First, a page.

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Ruffridge reflects on first session in the statehouse

Riley Board
Rep. Justin Ruffridge co-chairs the House Education Committee on April 13.

Justin Ruffridge says there are two important things Juneau has that Soldotna doesn’t: a bowling alley, and a frozen yogurt shop.

“Other than that, I’d rather be home,” he said.

Ruffridge is a freshman Republican representative, a pharmacist and the owner of several pharmacies in the state, including Soldotna Professional Pharmacy.

It’s pharmacy, in part, that brought Ruffridge to politics. Through one of his other locations — Juneau Drug Company, just three blocks from the statehouse — Ruffridge became a frequent visitor to the capitol.

“Starting to come down here for work a lot more gave me opportunities to lobby for pro-pharmacy legislation, and I’d been doing that for four or five years, helping promote our profession,” he said. And that’s kind of what got me interested, a little bit, in what politics even is.”

Much of Ruffridge’s work in the legislature so far reflects that background. One of his bills would exempt veterinarians from registering with the state’s opioid database, which vets say creates logistical and ethical challenges. That bill has already passed the house, and Ruffridge said it appears to have broad, bipartisan support. He’s also introduced legislation that would update statutes related to the practice of pharmacy.

Ruffridge has also found himself co-chairing the House Education Committee, an assignment he said came as a surprise. It’s been a particularly busy time for the committee, as the legislature debates a potential increase to school funding and considers a bill from Gov. Mike Dunleavy that would increase parental involvement in issues related to gender and sexuality in schools.

“It’s a funny place to end up. It’s not where I expected to be, co-chairing education. But it was a big part of my campaign, I heard a lot from people about how education is important to them, and I’m glad for the opportunity to do it,” he said.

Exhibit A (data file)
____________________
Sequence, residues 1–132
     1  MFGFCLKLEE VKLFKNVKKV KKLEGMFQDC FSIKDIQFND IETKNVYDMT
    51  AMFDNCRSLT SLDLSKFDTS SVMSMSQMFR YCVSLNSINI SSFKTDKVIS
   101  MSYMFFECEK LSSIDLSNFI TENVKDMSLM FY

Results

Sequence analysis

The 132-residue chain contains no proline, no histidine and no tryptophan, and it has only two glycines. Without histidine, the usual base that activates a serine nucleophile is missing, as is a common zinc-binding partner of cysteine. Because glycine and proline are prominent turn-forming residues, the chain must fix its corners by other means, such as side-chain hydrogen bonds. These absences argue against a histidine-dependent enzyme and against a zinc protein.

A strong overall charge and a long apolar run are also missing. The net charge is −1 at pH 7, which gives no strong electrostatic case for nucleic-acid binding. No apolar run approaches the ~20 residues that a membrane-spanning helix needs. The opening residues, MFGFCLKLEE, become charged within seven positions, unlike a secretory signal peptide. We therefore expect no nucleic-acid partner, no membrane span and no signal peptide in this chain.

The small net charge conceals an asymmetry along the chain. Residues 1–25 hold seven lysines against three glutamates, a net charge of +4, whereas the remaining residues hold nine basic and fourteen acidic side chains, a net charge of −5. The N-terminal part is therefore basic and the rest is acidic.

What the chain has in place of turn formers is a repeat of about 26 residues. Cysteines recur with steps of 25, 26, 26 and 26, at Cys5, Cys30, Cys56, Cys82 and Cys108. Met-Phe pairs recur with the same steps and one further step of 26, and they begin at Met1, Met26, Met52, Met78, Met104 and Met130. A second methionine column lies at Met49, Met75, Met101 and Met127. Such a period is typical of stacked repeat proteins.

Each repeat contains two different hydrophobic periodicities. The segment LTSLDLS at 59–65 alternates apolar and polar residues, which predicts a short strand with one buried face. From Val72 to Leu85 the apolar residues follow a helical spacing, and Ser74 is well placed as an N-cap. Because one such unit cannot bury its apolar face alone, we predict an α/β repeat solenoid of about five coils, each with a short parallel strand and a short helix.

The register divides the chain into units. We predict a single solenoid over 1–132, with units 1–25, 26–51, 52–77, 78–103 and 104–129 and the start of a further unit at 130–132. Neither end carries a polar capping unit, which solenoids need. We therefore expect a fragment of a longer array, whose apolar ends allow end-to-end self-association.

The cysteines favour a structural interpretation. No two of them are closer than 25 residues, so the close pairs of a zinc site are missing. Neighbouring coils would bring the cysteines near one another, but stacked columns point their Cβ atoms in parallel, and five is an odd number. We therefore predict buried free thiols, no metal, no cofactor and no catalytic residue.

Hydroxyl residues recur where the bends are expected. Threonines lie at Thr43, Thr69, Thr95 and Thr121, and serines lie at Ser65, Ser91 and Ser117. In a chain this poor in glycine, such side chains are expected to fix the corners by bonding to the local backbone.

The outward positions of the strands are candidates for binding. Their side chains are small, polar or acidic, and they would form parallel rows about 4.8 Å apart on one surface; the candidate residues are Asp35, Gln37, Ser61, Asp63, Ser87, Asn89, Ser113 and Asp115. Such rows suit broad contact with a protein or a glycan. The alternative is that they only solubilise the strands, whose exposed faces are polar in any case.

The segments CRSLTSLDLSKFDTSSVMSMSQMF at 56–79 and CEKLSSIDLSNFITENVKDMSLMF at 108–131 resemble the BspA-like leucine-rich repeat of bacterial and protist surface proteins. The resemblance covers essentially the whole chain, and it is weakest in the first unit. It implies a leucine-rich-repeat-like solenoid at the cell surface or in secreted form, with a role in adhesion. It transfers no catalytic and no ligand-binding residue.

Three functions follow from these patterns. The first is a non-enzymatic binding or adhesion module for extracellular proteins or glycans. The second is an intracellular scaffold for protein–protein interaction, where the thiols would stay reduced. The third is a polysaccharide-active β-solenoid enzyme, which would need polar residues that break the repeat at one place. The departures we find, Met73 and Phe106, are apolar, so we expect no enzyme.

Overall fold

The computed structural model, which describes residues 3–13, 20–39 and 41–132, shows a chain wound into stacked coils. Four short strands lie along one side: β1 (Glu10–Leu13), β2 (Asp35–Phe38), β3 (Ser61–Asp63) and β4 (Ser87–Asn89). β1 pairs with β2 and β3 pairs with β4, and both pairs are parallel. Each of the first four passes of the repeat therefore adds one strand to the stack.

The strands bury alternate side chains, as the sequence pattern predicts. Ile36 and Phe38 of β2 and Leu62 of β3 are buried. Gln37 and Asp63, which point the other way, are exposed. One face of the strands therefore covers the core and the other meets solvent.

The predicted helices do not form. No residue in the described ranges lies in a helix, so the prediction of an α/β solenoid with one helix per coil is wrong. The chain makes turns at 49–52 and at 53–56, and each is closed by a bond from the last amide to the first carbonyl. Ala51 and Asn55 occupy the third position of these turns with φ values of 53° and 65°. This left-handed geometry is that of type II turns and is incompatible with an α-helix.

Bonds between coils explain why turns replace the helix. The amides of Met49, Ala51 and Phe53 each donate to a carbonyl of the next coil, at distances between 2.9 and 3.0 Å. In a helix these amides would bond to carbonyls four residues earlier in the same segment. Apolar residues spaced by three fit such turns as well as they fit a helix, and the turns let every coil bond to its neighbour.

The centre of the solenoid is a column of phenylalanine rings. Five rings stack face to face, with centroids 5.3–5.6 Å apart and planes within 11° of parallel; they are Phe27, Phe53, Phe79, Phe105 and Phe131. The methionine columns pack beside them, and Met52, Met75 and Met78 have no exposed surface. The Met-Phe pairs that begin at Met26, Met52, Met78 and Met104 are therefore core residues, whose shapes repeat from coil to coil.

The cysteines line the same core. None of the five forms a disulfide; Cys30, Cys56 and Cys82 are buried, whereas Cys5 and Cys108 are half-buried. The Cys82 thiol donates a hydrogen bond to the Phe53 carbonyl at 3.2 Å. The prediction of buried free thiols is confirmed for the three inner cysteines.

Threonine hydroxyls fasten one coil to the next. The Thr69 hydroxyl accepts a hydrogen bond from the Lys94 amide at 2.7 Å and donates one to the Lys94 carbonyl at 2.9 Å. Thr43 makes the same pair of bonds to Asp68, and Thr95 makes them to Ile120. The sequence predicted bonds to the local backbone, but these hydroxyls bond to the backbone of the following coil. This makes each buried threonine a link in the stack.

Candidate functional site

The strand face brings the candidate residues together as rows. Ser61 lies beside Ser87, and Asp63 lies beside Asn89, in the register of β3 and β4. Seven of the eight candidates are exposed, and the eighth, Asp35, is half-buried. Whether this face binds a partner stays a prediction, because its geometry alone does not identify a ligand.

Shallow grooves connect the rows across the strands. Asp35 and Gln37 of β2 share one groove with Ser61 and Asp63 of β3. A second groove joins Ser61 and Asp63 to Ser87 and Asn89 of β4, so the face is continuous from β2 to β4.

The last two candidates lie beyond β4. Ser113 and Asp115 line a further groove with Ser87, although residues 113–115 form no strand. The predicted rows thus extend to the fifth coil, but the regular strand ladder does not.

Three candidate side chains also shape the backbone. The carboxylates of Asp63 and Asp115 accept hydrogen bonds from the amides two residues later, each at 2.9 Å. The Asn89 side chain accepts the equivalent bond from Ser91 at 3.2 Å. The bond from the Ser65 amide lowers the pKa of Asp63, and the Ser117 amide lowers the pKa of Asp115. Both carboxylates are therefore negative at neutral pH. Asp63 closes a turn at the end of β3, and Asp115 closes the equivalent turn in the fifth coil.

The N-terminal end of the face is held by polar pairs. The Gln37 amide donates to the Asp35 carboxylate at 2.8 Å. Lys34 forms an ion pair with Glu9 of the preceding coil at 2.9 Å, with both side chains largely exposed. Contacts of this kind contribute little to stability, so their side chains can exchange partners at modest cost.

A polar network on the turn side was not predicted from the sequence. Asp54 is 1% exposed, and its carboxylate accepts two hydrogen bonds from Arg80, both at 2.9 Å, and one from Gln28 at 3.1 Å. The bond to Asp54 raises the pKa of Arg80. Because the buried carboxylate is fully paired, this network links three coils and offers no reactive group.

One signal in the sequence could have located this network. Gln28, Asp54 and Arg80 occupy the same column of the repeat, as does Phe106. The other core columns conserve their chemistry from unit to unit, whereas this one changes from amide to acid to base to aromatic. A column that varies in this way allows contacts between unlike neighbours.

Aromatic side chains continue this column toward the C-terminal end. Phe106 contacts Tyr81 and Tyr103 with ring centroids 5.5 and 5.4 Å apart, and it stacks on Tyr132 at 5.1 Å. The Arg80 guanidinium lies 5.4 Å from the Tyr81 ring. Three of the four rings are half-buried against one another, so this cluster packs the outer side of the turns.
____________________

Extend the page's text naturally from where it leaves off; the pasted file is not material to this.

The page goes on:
Ruffridge said he’s learned a lot in that committee, especially about rural, small schools with specific needs. After the legislative session ends, Ruffridge said his plan is to travel around the state and become more familiar with the needs of those schools. Places on his itinerary include the Lower Kuskokwim School District, the Northwest Arctic Borough School District, and schools throughout Southeast Alaska.

Ruffridge said he was surprised to find out how much personal relationships matter when it comes to doing legislative work.

“It comes down to a very human element of: How do you work well with other people? That really defines a lot of the work that happens in this building, and that was somewhat surprising to me, a good lesson learned in the first three months,” he said.

One way he’s worked to cultivate those relationships is through the formation of the Freshman Caucus, a coalition of first-year house members from various political backgrounds and parts of the state.

This session has seen one of the largest house freshman classes in legislative history.

“We do not agree on everything,” Ruffridge said. “In fact, it’s out of that that a lot of our strength is born, which is our ability to disagree with each other and still work through some issues and try to come to some consensus.”

He said if the deeply diverse freshman caucus can agree on an issue — like on rejecting pay increases for legislators, for example — he thinks the broader legislature probably can, too.

Ruffridge is in Juneau with his wife and two kids. He originally planned to move south alone, but after considering a commute between southeast and Soldotna every couple weeks, the family decided, last minute, to make the move together.

“Having a family here is a source of strength, and remembering sometimes in this echochamber of a building that there’s still a real reason that you do the work you do, and that’s because you have a family you care about and kids you want to grow up in a state that has a future,” he said.

Ruffridge said sometimes the tight legislative schedule and the seclusion of being in Juneau make him feel like he’s locked in a school, with the clock ticking down on the work that needs to get done. Still, he said the session has been a good learning experience, so far, and he’s looking forward to a productive time between the end of this session and the start of the next.

This story was supported by the Alaska Center for Excellence in Journalism's Legislative Reporter Exchange Program.

Riley Board is a Report For America participant and senior reporter at KDLL covering rural communities on the central Kenai Peninsula.
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